Are you stuck @ work?
19 oktober 2018
Once upon a time, I must have been a horrible person to have on the team. Maybe not at first glance.
Because I worked hard, took initiative, was selected for projects and delivered on them successfully.
But I was badly stuck in 'hierarchical thinking'. And even worse - I thought that was normal.
Let me explain: I was the one who knew exactly what my manager should and shouldn't do.
He shouldn't decide behind my back, he should communicate more, he should make decisions more quickly.
He should give more feedback. He shouldn't be late for meetings.
The list was endless. My judgment was relentless.
And of course I got frustrated when he didn't stick to my list of expectations.
Even though I put in many hours, was involved in interesting projects, and got good results, my career wasn't going anywhere.
And I felt unhappy, not seen, not heard, not understood, not appreciated.
Why was my hard & smart work not rewarded?
I thought my manager just refused to see my potential.
What I didn't see was, that I made it impossible for him to see it.
My mindset & attitude were holding me back.
I should have made it easy for him.
I should have made him feel safe.
Yes, I'll say it again: it was up to me to make my boss feel safe with me.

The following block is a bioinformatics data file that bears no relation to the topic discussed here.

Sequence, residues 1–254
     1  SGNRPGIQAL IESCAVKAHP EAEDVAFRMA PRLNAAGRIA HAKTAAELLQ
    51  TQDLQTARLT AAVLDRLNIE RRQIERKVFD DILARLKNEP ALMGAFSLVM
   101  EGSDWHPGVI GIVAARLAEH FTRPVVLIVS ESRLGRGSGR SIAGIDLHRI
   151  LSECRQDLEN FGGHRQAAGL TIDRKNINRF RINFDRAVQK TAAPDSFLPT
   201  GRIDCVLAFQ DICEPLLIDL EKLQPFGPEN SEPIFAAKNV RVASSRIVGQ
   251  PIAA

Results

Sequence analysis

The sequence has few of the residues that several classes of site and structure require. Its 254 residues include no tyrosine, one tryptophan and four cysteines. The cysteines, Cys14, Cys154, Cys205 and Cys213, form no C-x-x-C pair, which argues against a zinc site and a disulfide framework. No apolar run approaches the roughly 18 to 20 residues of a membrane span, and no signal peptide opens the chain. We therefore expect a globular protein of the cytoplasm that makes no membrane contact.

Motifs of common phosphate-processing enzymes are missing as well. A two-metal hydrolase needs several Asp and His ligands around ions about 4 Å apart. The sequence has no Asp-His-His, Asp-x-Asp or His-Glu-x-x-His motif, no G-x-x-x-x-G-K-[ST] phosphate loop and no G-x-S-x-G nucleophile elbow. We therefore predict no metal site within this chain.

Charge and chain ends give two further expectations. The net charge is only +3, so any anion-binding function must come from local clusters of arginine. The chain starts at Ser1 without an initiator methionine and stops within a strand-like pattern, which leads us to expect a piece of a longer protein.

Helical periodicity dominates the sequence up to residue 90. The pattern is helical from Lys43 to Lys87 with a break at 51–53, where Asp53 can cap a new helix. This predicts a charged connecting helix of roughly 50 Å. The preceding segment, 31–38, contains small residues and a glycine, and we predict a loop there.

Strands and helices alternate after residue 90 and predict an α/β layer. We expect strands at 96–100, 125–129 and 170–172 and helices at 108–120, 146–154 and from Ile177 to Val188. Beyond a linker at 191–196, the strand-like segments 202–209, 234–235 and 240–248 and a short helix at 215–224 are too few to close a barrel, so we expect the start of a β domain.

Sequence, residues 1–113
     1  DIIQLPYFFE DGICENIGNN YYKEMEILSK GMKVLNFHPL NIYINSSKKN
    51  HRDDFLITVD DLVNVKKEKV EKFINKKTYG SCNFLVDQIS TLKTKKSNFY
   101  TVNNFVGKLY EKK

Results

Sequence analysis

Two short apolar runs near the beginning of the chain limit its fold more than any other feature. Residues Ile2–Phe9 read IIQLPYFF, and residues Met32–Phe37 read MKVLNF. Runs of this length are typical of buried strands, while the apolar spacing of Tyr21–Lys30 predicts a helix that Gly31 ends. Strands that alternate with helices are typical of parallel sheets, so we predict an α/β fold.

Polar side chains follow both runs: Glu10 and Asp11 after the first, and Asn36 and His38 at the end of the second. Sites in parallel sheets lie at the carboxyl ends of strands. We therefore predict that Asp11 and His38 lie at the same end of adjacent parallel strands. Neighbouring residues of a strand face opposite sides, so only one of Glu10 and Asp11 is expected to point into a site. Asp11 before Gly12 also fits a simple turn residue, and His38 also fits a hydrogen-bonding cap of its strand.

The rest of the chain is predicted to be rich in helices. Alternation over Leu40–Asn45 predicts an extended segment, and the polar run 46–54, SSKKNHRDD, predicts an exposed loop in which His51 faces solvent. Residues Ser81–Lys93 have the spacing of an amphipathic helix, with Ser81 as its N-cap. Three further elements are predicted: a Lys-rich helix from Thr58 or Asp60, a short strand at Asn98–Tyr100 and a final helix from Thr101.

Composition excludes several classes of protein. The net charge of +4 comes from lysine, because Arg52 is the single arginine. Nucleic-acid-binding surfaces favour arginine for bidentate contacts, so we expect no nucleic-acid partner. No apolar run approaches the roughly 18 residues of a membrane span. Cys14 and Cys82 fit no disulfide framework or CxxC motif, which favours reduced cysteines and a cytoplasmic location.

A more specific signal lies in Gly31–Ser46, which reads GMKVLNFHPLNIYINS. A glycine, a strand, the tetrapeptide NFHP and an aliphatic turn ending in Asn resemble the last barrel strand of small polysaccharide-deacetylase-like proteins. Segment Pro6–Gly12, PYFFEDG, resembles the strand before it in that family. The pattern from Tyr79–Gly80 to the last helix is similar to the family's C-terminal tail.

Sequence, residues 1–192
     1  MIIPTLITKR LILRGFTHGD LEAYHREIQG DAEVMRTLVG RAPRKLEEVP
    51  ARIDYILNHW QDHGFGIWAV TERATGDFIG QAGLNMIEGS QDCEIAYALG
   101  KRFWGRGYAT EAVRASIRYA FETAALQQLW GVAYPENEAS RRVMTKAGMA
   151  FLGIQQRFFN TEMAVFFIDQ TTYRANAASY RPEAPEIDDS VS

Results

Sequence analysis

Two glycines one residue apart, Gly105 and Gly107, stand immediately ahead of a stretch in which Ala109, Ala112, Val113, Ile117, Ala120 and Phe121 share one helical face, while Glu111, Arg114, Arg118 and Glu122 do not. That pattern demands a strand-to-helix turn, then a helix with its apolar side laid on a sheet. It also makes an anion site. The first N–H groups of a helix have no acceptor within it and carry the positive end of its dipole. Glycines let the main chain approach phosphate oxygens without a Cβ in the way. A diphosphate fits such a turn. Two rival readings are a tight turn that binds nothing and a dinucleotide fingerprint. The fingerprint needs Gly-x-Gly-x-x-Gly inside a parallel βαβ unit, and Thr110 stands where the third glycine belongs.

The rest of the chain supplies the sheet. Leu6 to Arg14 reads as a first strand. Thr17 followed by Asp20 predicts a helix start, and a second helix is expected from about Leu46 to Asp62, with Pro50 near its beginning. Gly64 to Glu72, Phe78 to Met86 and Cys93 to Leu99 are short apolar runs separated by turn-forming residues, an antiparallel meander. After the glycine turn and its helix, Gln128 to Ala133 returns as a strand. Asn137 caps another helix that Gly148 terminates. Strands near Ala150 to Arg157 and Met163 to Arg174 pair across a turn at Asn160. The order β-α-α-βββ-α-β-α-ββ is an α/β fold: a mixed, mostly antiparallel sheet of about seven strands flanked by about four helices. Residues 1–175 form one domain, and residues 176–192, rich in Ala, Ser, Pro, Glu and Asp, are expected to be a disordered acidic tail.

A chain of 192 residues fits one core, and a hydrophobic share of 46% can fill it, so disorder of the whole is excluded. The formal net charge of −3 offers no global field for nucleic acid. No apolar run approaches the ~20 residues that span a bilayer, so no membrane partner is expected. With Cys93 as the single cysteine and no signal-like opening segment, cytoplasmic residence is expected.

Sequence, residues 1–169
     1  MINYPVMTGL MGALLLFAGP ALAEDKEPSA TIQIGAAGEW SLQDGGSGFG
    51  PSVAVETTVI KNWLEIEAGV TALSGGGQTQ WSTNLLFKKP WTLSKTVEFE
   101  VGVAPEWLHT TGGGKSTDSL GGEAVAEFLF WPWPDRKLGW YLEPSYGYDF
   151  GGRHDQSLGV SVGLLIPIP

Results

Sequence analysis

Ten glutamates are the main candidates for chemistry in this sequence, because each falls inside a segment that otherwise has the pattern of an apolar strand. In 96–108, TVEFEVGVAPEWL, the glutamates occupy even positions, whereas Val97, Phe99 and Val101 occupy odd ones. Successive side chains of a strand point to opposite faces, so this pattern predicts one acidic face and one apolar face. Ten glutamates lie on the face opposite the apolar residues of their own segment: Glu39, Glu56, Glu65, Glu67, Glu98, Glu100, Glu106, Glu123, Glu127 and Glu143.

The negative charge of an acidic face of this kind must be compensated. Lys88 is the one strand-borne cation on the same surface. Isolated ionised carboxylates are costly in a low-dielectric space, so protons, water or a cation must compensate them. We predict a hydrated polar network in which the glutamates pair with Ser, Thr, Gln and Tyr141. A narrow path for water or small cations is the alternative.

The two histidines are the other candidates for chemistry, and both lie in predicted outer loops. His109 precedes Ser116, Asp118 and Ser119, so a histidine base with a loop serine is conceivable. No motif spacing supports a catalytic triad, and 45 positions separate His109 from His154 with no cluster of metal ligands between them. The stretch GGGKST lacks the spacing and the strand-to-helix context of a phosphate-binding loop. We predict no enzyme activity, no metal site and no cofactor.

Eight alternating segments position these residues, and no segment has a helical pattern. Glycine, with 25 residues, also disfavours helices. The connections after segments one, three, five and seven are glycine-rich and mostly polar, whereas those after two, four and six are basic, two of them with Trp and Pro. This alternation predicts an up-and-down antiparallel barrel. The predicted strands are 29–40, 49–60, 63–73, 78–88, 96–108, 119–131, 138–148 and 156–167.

If I wanted to be seen, heard and able to make an impact - that was my responsibility.
If I wanted to advance in my career - it wasn't just about working hard and doing the right things.
It's about taking care of my relationships. With everyone. 360°.
And that includes helping my manager to feel safe enough to hear what I was saying.
And making myself feel safe enough to do so.
When your stuck in 'hierarchical thinking', you're looking at others to make your life better.
You're waiting for others to lift you up, give you permission, spot your talent.
You play the blame game when they don't deliver.
When you upgrade to 'ownership mindset', you are looking at yourself to make your life better.
You ask yourself what you can do differently. You take your career into your own hands.
You focus on lessons learned when things go wrong.
The difference is in how you treat others.
Not in how hard or smart you work.
I see the same with quite a lot of managers I work with:
they focus more on what their manager should do (and doesn't) than on their own managerial attitude.
Your boss is not there to make the world a better place, not to be the superman of the team who never makes mistakes.
He's there to help you when you're stuck, to guide you, challenge you, allow you to learn, grow and deliver.
You're boss is human, just like you. With strengths and development areas. With sensitivities and things he'd like to avoid.
The best way to make a manager-employee relationship work, is to step away from these unrealistic expectations of others.
Instead of blaming, ask yourself: what can you do to help him? Or to help him help you?
Upgrading to an 'ownership mindset' is what makes you happy & successful at work.